Statistics say that the average person changes their job between five and seven times in their lives. As we grow older, although the frequency of these changes slows, the importance of them grows. No longer do we have to live up to someone else’s expectations and fulfill someone else’s dreams. No longer do we have time to waste wondering whether we’re capable of doing what we always wanted to do.
Around 7.5 million people over the age of 25 go back to some form of schooling to gain the qualifications they need to change their careers entirely. One of the qualifications on offer is nursing, and it’s a popular one. But what is it about nursing that makes it such an excellent choice for those in their later years who want a change of career? There are many different reasons, and although each individual will have their personal ideas of what it means to them to become a nurse, read on to find out more about the most common ones.
Nursing requires a good amount of knowledge. It requires an education and the right qualifications – at the very least it requires an RN. But what it also needs is experience.
This is not just the nursing experience that will be gained over many years of helping patients and dealing with doctors. The very best nurses also have plenty of life experience, and if they are coming to the profession late, this is experience they will no doubt already have.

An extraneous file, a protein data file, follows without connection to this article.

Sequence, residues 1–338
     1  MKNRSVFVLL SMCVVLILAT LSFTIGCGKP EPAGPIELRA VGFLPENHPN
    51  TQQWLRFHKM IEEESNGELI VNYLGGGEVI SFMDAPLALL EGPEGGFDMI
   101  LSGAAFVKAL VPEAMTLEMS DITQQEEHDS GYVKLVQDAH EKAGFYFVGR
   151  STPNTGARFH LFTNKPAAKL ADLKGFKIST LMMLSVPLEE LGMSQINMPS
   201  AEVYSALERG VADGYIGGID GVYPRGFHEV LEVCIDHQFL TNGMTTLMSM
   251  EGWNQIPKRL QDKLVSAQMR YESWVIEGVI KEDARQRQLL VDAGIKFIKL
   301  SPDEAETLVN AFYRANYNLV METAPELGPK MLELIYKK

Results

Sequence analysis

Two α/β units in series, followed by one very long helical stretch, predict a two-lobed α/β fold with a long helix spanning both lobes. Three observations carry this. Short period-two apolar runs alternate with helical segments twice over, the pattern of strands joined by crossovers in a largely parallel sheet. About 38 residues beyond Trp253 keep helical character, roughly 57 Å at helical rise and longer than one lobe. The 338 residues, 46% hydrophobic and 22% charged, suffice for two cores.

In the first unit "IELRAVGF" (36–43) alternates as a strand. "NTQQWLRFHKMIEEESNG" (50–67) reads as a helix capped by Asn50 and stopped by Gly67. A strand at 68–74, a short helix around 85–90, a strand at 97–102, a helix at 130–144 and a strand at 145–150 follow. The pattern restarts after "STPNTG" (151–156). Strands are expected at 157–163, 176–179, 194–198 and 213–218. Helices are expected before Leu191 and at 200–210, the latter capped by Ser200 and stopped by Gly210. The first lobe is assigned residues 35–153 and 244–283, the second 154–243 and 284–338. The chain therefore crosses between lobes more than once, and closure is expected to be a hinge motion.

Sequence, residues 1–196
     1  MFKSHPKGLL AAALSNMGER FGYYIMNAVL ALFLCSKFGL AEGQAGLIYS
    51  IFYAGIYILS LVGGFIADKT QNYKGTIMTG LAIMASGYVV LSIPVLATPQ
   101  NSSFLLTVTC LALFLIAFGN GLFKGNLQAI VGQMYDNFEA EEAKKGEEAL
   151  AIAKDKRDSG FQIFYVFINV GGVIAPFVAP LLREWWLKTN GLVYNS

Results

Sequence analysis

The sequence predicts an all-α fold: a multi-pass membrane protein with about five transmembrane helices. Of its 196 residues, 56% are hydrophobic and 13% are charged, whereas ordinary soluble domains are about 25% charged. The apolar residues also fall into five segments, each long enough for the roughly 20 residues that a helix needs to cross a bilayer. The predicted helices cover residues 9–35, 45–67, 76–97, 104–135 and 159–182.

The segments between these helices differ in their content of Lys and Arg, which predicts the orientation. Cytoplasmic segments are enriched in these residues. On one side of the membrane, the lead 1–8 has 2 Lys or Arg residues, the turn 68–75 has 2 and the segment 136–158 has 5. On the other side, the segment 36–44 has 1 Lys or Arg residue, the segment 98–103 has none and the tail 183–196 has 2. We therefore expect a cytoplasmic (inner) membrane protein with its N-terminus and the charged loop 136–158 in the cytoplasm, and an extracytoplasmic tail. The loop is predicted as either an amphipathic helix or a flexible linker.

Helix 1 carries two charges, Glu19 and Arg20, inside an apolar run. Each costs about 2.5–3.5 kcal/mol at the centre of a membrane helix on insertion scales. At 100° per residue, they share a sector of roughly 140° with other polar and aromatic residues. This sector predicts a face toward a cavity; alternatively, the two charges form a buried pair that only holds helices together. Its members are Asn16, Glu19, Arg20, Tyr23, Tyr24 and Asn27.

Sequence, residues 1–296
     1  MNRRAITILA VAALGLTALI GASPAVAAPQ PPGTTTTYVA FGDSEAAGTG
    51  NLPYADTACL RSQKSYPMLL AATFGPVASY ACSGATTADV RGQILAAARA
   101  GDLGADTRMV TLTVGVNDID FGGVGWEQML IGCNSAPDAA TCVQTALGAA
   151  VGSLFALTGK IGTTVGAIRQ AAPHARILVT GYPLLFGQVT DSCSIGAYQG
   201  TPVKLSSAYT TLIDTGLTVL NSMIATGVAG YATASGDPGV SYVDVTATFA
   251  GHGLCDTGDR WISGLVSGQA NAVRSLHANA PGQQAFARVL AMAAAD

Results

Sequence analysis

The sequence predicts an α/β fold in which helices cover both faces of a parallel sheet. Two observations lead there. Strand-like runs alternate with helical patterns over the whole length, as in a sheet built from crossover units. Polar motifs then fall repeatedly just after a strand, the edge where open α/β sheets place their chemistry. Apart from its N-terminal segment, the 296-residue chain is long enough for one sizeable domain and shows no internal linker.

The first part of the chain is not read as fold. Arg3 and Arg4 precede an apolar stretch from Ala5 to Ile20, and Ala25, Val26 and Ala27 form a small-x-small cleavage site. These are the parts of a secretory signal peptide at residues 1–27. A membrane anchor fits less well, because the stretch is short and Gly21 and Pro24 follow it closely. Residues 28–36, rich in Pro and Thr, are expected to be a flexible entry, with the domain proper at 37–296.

They will know exactly how a decision can make all the difference, and how to cope with disappointment, how to solve a challenge that others might not have an idea what to do about.
With this experience, and the ability and willingness to learn, older nurses have a definite advantage over those who are turning to the profession directly from high school, which accounts for the vast majority of trainee nurses.
Age isn’t going to matter to any medical facility that needs nurses. With a nursing shortage, anyone who is willing to work and who has the right qualifications stands just as much chance of getting a job as anyone else, with age being the lowest barrier to entry. The United States Bureau of Labor Statistics estimates that there will be 371,000 new nursing jobs available by 2028; this equates to a 12 percent growth forecast for the profession.